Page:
Lavery, H J

Over-reliance on legislation to manage our environment has been a disappointing and costly endeavour. On the other hand during the past half century, scientific research – incorporating aboriginal and colonial histories – has productively addressed all of the major ecosystems across the resource-rich north-eastern quarter of the Australian continent (Queensland), from the arid lands of the far ‘outback’ to the equally colourful Great Barrier Reef, and settlements in between. The wide-ranging field experience described in unusual detail in this book concludes that the ecosystems are still self-sustaining – although much remains to be learnt about them. Their management to achieve the necessary sustainability needs to be based on ecological design using different techniques from those defined in current legislation (in turn, derived largely from public opinion). Using the field data, seven fundamental principles have been formulated to guide appropriate strategic planning. The ‘environmental narrative’ is identified and nominated as the critical tool to communicate essential land management practice to landholders – to be conveyed in the form of classic Australian stories pioneered collaboratively between scientists and creative artists. This direction needs to be adopted at the earliest possible moment for two selected top priority ‘Areas of Outstanding Resources’.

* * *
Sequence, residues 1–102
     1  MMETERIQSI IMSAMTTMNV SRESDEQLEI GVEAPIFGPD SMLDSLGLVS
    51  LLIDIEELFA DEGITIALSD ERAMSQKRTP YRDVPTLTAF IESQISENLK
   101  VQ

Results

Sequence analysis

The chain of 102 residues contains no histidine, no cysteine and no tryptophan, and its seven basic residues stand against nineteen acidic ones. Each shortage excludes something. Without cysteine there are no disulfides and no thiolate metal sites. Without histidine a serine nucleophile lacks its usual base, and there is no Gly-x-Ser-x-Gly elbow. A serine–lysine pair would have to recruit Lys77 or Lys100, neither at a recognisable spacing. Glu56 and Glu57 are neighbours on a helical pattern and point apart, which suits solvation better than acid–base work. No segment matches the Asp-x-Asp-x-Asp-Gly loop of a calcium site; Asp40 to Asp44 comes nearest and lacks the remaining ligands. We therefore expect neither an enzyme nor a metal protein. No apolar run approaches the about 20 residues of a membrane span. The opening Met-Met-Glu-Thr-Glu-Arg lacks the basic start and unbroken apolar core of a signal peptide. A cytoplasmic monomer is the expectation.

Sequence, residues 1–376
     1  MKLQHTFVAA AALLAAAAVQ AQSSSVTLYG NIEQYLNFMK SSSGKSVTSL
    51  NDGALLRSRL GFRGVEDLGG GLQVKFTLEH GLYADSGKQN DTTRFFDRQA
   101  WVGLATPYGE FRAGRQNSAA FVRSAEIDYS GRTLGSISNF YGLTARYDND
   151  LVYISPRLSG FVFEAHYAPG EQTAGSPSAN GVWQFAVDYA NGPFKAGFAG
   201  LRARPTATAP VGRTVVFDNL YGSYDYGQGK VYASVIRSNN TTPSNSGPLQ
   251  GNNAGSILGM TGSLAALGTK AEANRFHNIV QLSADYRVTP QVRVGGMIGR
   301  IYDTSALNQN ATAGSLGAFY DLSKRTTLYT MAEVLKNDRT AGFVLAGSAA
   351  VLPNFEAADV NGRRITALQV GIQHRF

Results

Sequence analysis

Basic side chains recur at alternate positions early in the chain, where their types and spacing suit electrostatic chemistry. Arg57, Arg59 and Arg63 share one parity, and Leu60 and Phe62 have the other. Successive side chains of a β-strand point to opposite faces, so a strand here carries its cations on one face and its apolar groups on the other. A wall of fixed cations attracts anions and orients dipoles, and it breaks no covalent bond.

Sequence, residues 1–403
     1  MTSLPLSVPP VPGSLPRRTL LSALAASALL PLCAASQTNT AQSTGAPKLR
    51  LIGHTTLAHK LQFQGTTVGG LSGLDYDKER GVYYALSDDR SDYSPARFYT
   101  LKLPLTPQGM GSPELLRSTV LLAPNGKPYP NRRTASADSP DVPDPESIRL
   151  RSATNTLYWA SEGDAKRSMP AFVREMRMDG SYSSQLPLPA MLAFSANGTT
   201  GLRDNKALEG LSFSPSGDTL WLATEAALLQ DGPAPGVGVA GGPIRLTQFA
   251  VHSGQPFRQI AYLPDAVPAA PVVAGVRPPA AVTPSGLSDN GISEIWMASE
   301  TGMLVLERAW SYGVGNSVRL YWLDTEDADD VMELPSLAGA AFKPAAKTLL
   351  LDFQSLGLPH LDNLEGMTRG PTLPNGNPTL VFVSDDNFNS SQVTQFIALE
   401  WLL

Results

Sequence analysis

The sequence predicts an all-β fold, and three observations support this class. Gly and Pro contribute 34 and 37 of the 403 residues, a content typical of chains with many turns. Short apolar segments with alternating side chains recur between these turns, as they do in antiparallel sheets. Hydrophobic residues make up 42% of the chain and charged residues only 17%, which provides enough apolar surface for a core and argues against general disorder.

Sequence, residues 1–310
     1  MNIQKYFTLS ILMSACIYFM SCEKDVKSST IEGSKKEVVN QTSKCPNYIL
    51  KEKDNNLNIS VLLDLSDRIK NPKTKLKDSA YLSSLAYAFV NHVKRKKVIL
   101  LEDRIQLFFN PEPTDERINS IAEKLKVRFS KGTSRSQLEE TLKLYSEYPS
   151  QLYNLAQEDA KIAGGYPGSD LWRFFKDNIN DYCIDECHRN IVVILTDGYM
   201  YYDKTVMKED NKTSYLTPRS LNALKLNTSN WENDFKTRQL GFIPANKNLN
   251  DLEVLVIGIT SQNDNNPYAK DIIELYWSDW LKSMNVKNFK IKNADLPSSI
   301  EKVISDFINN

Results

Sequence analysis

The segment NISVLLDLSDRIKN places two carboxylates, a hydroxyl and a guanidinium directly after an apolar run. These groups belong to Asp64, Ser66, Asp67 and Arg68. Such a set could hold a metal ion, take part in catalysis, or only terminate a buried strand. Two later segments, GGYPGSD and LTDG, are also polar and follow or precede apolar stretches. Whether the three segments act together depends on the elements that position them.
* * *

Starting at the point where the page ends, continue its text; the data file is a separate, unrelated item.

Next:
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Australian Environment International, October 2021.  376 pages, paperback,